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The Justice Department filed three employment discrimination lawsuits since President Donald Trump took office 14 months ago, a Bloomberg Law review of federal court records shows.
The DOJ’s filings are significant because of the administration priorities they communicate, according to two lawyers who counsel and represent private sector employers in discrimination matters. In the most recent case, the agency sued on behalf of a nursing care center employee who said she was forced to receive a flu shot despite her religious objections. After the vaccination, she feared going to hell, according to the March 6 complaint against the Wisconsin county that owns the center.
“To the extent it reflects the Trump administration’s focus in terms of civil rights and the kind of rights it wants to enforce, this sends a message to the world” on what to expect going forward, Scott Rabe, a New York-based attorney, told Bloomberg Law.
The Justice Department is required to enforce laws. That doesn’t change when there is a change in management at the agency or in the White House.
But the agency can choose how to allocate its resources in ways that nudge courts toward adopting interpretations in line with the administration’s view, said Sam Schwartz-Fenwick, a Chicago-based attorney.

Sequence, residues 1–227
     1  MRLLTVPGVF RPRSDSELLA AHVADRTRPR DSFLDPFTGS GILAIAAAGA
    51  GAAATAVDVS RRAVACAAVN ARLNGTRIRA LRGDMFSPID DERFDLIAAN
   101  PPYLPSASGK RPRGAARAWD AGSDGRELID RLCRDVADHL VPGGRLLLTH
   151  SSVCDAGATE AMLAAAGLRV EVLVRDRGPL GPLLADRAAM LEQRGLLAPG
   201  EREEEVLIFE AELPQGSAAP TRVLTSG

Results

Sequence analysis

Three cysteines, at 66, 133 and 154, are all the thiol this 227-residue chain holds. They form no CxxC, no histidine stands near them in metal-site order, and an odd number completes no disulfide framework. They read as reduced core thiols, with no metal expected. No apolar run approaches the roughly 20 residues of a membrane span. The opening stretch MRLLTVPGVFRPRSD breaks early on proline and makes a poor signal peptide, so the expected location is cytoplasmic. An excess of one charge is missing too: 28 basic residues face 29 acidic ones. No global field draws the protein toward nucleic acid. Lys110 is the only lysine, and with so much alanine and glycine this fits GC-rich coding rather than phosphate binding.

“All the Department of Justice is doing is advocating its opinion and its position,” Schwartz-Fenwick told Bloomberg Law. “It’s up to the courts to decide what the law is,” he said. Rabe and Schwartz-Fenwick are partners with Seyfarth Shaw LLP.
“My biggest takeaway from this is that this is the kind of case the Department of Justice has chosen to get involved in,” Rabe said. “It will be interesting to see what types of novel arguments the Department of Justice will make in this case because part of the goal of this case is to help make law that’s consistent with the administration’s positions.”
The other lawsuits are a March 5 pregnancy discrimination complaint on behalf of a University of Baltimore employee and a Feb. 28 sexual harassment complaint on behalf of a female firefighter in Houston. The Justice Department is the only federal agency with authority under Title VII of the 1964 Civil Rights Act to file job discrimination lawsuits against state and local government employers.
The cases that the Justice Department isn’t litigating are also important, David Lopez, a former Equal Employment Opportunity Commission general counsel appointed by President Barack Obama, said. The department can decide not to prosecute a case and issue a right-to-sue letter to the individual claiming discrimination. Claimants can request one before the department finishes investigating a discrimination charge, effectively ending the agency’s involvement.
“If they’re going to sit on the case a long time and not return phone calls, it’s better to pull the case out and do it yourself,” Lopez said. Private sector lawyers have an ethical obligation to do what’s best for their clients, which isn’t necessarily a move that will advance the public interest, he said. Lopez left the EEOC to become a partner and attorney-in-charge of the Washington office of worker-side employment law firm Outten & Golden LLP. He also worked as a senior trial attorney with the Civil Rights Division’s Employment Litigation Section.